[Top][All Lists]

[Date Prev][Date Next][Thread Prev][Thread Next][Date Index][Thread Index]

Re: Mach emulation

From: Farid Hajji
Subject: Re: Mach emulation
Date: Thu, 16 Nov 2000 17:50:56 +0100

> 1. You make a "libmom" that is minimal and resembles L4. The Hurd
>    servers have to do the work to map Hurd features on to L4 features. 
> 2. You make a libmom that has an API close to features needed by the
>    Hurd, and does the work to map Hurd features onto L4.
As you pointed out, we're facing an important design decision here:
Should we implement/emulate the features that the current implementation
of the Hurd relies upon in libmom, or should we rethink/redesign the
Hurd so that it uses less powerful abstractions than those provided by

If we want to achieve early results, Okuji's l4-mach + libmachemu seems
the best way to go and I'd support this approach. If we want to obtain
speed, it seems necessary to reevaluate the requirements that the Hurd
poses to an underlying ukernel/libmom (and IMO to the C library was well,
but you're free to disagree here).

> However, (2) is a much better design because it allows you to
> implement libmom efficiently on micro kernels that are not similar to
> L4. And as I said before, (1) seems pointless to, it provides no real
> advantage over using L4 directly. I can't stop you from doing it, of
> course, but I believe it will be a waste of hacking time.
I didn't made up my mind yet and I really appreciate your comments.
There's no point in starting an implementation that is doomed to
fail due to poor design.

For the time being, I'd suggest to try l4-mach + libmachemu, because
that would save us from heavily modifying the Hurd's sources. Even
mach_*() syscalls and -types could be provided by libmachemu now.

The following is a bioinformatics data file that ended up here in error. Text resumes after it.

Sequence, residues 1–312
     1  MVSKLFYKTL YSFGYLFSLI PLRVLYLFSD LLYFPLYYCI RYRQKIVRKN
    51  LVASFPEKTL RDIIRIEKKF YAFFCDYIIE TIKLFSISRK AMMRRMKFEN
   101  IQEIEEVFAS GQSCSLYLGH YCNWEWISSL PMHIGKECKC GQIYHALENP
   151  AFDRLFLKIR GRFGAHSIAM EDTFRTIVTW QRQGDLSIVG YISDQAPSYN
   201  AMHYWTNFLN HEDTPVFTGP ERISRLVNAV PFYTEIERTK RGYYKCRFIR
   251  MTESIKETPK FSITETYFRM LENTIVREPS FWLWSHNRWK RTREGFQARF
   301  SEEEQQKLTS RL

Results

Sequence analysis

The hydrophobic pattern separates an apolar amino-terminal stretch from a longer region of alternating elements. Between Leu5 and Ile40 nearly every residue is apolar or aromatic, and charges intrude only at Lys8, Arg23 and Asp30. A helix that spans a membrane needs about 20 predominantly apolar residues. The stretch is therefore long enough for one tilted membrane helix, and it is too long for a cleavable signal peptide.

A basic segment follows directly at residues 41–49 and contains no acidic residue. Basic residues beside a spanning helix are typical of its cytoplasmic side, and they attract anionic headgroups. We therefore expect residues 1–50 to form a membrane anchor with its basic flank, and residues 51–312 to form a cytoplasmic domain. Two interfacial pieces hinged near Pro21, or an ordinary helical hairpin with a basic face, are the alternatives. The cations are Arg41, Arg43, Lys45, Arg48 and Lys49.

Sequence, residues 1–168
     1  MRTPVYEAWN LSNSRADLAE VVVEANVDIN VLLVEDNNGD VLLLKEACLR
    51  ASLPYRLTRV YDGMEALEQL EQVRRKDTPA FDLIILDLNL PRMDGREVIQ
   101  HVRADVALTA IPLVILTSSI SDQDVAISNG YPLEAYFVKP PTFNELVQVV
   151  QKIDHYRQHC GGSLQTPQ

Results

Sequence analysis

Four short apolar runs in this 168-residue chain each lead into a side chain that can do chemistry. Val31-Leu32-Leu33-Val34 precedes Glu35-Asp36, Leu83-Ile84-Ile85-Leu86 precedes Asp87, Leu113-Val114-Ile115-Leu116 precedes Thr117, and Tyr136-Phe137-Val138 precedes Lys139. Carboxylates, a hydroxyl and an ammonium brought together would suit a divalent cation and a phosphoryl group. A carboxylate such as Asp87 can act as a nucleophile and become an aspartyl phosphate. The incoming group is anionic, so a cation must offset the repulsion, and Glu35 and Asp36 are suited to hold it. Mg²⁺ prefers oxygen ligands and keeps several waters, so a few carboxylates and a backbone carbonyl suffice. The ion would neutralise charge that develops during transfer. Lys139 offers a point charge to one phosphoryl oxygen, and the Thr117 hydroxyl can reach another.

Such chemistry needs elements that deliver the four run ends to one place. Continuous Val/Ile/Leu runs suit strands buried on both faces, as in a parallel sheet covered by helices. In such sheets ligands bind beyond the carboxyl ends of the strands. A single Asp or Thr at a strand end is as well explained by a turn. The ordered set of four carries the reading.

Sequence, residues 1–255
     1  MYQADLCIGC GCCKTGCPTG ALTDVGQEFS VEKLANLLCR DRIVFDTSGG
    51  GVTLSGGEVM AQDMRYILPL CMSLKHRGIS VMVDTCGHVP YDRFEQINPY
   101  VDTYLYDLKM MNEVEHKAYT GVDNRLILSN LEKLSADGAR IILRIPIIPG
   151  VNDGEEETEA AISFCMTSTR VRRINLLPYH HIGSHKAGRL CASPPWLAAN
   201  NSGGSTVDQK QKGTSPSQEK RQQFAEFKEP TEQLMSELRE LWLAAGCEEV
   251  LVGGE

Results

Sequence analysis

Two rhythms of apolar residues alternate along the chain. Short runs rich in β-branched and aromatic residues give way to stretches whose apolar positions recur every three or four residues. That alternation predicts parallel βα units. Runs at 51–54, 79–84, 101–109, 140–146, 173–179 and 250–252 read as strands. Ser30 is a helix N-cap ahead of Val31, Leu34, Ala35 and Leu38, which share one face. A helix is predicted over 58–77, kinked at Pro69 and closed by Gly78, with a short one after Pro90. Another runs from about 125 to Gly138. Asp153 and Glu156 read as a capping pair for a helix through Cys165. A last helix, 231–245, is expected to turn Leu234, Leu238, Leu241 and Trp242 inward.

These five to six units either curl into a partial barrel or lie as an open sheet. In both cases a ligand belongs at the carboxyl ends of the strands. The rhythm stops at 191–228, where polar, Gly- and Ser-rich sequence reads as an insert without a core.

However, I'd reluctantly modify the Hurd sources now to use a "fat"
libmom, which would just be a substitute for Mach abstractions in
the first place. If we stick to the current Hurd implementation (and
I guess that we'll have to), we could as well emulate Mach directly
rather than hiding it in libmom.

> That's impossible if the libmom calls used by the Hurd basically are
> L4 calls. Consider port rights (or whatever port-right-like
> abstraction that is the Right Thing for the Hurd). With a libmom like
> (2), they could be mapped directly onto Mach. With a libmom like (1),
> you end up using only the subset of Mach calls that resembles L4
> (because that's what is available through the libmom API), and
> *emulating* port rights the same way it is done on top of L4. That
> will be much much slower.
This is one of the basic problems we're facing here. Port-rights are
obviously needed by the current Hurd implementation and they should
obviously be implemented in some way. They _could_ of course be added
to libmom and used throughout the Hurd. libmom-mach would map them
directly to mach port rights, libmom-l4 would use a capabilities-server
or another (distributed) approach to implement them. So far, using libmom
for this seems reasonable, as it shields port-rights abstractions from
every Hurd server and glibc.

OTOH, there are reasons that would speak against adding port-rights
to libmom, some of them obvious, some of them more subtle. port-rights
are used in the Hurd because they are trusted entities and because they
are implicitely passed by mach in ipc calls. For this reason, they
are quickly generated, transferred and (implicitely) checked. If we
keep using port-rights extensively like this, we'll have to provide
a substitute to them that would IMO not be so fast than what Mach
provides natively. The net result could as well be slower than with
mach, because we're assuming that a powerful abstraction would be
efficiently implemented in every libmom-{*} version.

Now imagine that we designed a "fat" libmom with port-rights and that
we then recognize that libmom-l4 can't even deliver mach speed because
of the port-rights overhead that is used everywhere. What then? We
would be forced to think about _different_ authentication mechanisms
and rewrite everthing again from scratch. If OTOH the port-rights
were implemented separately from libmom, their implementation could
be changed independently from libmom and their _use_ in the Hurd servers
would become more apparent.

Of course, we can't guess without testing if libmom-with-port-rights-l4
would be slower than libmom-with-port-rights-mach, so I may be wrong.
I just want to keep our options open, just in case this happens.


Farid Hajji -- Unix Systems and Network Admin | Phone: +49-2131-67-555
Broicherdorfstr. 83, D-41564 Kaarst, Germany  | address@hidden
- - - - - - - - - - - - - - - - - - - - - - - + - - - - - - - - - - - -
Murphy's Law fails only when you try to demonstrate it, and thus succeeds.

reply via email to

[Prev in Thread] Current Thread [Next in Thread]